YouTube's highest-paid stars have been revealed, with a 23-year-old creator who made £39m in 2021 topping the list.
The platform is increasingly lucrative for content creators, with the best-paid stars collectively earning £219m last year - up from 40% a year earlier.
Forbe's YouTube rich list found MrBeast - real name Jimmy Donaldson - scored the biggest payday in 2021. This is almost double what last year's number one, 10-year-old Ryan Kaji, made in 2020.
In the last year, MrBeast spent 50 hours buried alive, offered £7,300 to anyone willing to sit in a bathtub of snakes, and hosted his own version of Squid Games, including building replicas of the show's sets with a £333,000 cash prize.
The YouTuber also expanded into MrBeast burger, an app and menu that lets fans order branded meals from 1,600 restaurants across the US - and so far he has sold more than five million sandwiches.
Brothers Jake and Logan Paul have returned to the list this year, with the former taking the second spot.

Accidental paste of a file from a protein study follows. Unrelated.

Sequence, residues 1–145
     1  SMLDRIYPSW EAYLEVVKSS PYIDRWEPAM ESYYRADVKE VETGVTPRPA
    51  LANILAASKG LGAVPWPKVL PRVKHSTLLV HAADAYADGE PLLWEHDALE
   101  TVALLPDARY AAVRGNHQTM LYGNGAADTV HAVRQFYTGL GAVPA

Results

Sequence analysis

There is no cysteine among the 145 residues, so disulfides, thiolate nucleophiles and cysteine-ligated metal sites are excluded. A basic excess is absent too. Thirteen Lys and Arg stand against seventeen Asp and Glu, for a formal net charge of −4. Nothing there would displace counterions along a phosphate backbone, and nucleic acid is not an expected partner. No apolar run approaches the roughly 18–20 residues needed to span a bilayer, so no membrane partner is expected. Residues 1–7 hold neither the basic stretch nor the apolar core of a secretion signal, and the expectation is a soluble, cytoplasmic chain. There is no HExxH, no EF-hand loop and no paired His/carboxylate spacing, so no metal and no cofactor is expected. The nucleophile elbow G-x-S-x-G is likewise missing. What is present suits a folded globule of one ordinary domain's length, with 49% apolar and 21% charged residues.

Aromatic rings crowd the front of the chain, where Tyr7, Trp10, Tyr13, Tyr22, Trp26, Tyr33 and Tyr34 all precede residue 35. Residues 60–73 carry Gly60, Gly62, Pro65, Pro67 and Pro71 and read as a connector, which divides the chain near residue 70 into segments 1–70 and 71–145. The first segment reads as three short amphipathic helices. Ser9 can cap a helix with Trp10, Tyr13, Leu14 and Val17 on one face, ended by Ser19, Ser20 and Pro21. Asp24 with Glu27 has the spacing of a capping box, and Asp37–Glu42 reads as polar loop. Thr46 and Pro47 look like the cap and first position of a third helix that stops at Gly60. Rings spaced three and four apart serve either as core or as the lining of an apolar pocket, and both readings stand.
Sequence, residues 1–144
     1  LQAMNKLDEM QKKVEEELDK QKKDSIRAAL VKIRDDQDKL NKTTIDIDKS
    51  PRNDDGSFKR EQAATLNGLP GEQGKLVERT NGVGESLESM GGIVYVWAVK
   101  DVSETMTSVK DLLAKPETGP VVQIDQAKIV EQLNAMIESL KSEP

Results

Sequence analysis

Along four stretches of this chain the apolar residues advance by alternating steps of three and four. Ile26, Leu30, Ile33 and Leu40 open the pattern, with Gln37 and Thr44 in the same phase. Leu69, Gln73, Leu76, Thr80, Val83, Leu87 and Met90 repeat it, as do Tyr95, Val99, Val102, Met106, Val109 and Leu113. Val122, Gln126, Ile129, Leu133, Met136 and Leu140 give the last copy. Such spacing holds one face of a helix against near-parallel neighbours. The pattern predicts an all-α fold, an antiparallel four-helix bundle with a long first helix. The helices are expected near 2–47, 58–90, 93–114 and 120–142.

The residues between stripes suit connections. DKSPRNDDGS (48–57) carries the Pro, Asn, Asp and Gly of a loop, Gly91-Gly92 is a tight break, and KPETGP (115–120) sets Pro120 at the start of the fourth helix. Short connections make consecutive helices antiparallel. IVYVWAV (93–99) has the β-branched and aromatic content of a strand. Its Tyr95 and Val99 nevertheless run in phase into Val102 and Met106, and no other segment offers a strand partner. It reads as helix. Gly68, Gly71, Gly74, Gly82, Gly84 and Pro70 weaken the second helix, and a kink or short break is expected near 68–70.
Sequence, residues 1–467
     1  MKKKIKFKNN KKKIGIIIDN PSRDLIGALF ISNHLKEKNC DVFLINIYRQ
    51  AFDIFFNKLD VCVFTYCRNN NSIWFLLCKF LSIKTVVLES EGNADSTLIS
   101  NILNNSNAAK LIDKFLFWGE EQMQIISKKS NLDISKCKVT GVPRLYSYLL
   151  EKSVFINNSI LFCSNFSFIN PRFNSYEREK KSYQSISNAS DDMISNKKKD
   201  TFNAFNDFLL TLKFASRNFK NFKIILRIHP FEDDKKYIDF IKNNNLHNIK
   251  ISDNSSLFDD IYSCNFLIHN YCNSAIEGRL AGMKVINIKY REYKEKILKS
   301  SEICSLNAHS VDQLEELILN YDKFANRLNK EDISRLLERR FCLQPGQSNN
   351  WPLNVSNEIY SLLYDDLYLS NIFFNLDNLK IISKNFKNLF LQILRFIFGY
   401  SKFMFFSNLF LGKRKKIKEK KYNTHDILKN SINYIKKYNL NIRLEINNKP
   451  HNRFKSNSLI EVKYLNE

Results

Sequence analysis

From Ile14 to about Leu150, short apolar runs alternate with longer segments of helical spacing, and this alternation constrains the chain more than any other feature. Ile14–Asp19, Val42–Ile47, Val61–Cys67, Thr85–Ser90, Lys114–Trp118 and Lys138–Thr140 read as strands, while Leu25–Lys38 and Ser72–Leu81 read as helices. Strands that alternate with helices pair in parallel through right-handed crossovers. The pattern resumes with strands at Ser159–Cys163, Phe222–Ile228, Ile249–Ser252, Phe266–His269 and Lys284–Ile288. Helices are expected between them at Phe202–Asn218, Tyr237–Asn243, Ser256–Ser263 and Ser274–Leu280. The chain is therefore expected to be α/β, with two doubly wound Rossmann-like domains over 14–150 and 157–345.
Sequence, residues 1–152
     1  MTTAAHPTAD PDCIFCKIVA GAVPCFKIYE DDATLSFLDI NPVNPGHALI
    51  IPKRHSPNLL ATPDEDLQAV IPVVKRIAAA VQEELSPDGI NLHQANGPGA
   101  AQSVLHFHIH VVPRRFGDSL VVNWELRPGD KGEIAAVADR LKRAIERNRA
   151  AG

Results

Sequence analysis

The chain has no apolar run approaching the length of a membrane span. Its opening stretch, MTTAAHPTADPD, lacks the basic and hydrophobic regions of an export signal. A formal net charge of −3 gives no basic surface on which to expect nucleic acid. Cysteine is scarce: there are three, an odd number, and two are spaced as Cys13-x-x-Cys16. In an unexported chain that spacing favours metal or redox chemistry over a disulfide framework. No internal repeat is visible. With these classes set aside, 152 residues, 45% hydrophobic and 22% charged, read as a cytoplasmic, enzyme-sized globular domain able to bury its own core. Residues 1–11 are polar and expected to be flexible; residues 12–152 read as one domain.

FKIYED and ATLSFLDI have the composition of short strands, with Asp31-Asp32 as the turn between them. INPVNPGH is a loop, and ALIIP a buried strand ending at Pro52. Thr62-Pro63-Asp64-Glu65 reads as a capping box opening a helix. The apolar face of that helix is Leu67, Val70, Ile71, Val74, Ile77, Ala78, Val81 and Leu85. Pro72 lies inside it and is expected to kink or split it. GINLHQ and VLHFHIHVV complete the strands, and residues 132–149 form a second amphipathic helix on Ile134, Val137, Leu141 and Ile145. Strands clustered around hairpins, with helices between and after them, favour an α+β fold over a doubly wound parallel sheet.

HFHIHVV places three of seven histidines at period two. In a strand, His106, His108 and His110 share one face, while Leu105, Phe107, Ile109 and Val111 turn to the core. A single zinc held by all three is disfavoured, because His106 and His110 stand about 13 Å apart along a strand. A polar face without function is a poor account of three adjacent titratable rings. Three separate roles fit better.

The pair had been some of YouTube's biggest names until Logan posted a video in December 2017 filmed in a Japanese forest, infamous as a suicide spot. The resulting backlash affected both their channels - sponsors cut ties and YouTube demonetised their content.
The pair can now re-earn from YouTube ads, but Jake - who posts less frequently than he once did - now uses the site largely as a way to market his boxing career.
Two children have made the top ten, with seven-year-old Natasha earning £20.4m. Nastya, who immigrated from Russia with her parents, did a deal with a company called Spotter, selling the rights to her old YouTube videos while retaining the rights to any new content she posts.
Her top hits from 2021 included videos about decorating Halloween cupcakes and about spending time with her best friends.
Ryan Kaji, who began on the platform aged four reviewing and playing with toys, has dropped from the number one spot to seventh, earning £19.7m.
Those helping run his business include former Disney executive Chris Williams. The youngster maintains 31 million subscribers and a line of branded merchandise and toys.
The list was compiled using estimates that measured earnings from 1 January to 31 December 2021 and figures are pretax - fees for agents, managers, and lawyers were not deducted. Estimates were based on data from Captiv8, SocialBlade, Pollstar, and interviews with industry insiders.